Owing to the obstacles which intervened, it was the first of February, 1863, when Florence and Sam Baker reached Gondokoro. From here the boats could go no further and they would need to travel by land. On the surface it was a perfectly legal ivory-trading station, but closely connected to the slave trade. One could hardly exist without the other. The only three items linked to this region were ivory, slaves, and cattle. Ivory could be obtained in trade only for slaves or cattle, but all three could be obtained by a raid on a village or villages.
Gondokoro was a wretched place, the population was composed of the most vicious elements – hostile traders drinking, fighting one another, the brawls so continuous that the sound of gunfire was considered ordinary, bullets buzzing through the air, barely missing bystanders, and once even killing a child. There were miserable little grass huts and the ruins of an abandoned Austrian Mission that had to serve as shelter for Sam and Florence.
While waiting for the trader whom they hoped to join on his return trip to Faloro, a 12–15 days’ march south of Gondokoro, they spent their time riding through the region and learning about the local tribe, the Bari. They had dark skins, thick lips and flat noses. Both men and women rubbed a paste of red ochre and fat over their bodies and for beauty reasons, elaborate cuts were made in the skin and then rubbed with ash to raise the scars. They were excellent bowmen and shot strangers on sight if they were alone. They tipped their arrows with poison, the juice of a euphorbia tree. When struck, the skin swelled rapidly, then muscle, skin and flesh rotted, and the affected part of the body dropped off. There was no antidote. This ferocious tribe accepted Florence and Sam when they learned that their aim was exploration, not exploitation. Because of their close proximity to Gondokoro, they were raided incessantly by the traders who stole their tusks, cattle and people. Any archer the traders captured was bound hand and foot and thrown down a cliff into the river and was devoured by crocodiles. They told Florence and Sam that the traders were hiding huge numbers of slaves inland until they left Gondokoro.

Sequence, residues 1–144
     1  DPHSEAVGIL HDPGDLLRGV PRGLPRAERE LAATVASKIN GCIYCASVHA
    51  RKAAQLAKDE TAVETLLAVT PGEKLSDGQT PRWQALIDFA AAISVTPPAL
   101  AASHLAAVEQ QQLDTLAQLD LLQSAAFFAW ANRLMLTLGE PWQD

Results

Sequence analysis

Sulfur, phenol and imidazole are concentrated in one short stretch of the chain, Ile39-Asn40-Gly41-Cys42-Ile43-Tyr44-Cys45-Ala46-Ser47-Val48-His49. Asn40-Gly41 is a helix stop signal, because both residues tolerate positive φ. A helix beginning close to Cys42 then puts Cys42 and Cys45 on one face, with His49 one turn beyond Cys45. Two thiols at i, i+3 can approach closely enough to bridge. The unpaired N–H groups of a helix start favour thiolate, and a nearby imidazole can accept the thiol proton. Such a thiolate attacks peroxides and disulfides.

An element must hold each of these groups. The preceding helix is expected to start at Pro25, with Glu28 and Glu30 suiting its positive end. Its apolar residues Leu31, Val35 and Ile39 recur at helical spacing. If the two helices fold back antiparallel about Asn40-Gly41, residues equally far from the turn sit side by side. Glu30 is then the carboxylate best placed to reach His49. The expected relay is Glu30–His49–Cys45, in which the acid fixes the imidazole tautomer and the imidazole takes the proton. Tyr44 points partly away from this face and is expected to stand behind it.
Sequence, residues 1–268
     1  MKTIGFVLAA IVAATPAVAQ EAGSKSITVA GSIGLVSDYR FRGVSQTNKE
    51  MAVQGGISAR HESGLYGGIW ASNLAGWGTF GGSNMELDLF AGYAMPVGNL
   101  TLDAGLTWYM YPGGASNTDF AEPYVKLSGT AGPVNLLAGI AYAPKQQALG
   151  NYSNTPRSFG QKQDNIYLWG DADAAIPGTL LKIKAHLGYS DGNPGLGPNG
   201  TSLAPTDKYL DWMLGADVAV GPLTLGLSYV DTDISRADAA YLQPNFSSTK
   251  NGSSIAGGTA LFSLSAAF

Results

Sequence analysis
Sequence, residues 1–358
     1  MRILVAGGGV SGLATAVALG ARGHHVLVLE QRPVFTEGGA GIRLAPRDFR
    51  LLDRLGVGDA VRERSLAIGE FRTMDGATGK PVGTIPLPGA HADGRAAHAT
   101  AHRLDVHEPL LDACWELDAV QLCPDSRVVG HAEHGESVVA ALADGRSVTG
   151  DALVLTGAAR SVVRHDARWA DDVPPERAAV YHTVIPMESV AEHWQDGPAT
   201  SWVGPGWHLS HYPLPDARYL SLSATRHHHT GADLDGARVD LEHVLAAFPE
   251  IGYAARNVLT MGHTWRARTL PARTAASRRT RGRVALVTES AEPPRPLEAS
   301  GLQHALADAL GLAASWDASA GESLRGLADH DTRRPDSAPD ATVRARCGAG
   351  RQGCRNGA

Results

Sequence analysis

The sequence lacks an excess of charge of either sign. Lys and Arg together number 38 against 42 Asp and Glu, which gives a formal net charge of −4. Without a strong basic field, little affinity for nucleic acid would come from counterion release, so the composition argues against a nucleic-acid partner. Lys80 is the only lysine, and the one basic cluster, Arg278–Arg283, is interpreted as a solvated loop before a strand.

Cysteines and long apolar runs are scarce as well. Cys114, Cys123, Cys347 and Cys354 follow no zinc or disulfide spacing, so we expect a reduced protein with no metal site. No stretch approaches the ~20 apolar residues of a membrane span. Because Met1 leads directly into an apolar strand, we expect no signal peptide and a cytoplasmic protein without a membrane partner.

The English were known to be outspoken opponents of slavery, and Sam and Florence were regarded with deep suspicion as being spies. Their reception was most unfavorable. The traders did not want the Englishman looking into their business and then try to get the anti-slavery laws enforced. After a few days of mingling with the blackguards at the traders’ camps, their men became disrespectful, unruly and quarrelsome. Sam had explained to each man when hired that raiding for cattle, ivory, and slaves would not be permitted. Now his men demanded they be allowed to conduct raids, and if refused, they would desert. Sam assembled the men on the deck of their diabilah the next morning to punish the ringleader of the mutiny for his disobedience and troublemaking, and ordered he be given 25 lashes. The men grumbled sullenly and threateningly. Outnumbered forty to one, Sam approached the ringleader and with a well-placed punch knocked him to the ground, and a few more blows followed. Sam ordered his vakeel to bring a rope to tie him up. The mutineers were still threatening and closing in. Florence, feverish in the cabin below, heard the commotion and immediately responded and very calmly, in her diplomatic way, turned the situation around, knowing that Sam’s authority was in the balance. “Heart of a lion”, Sam thought, recognizing that Florence had saved him from a bad mistake and possibly his life. Sam knew now that the men could not be trusted and would mutiny again.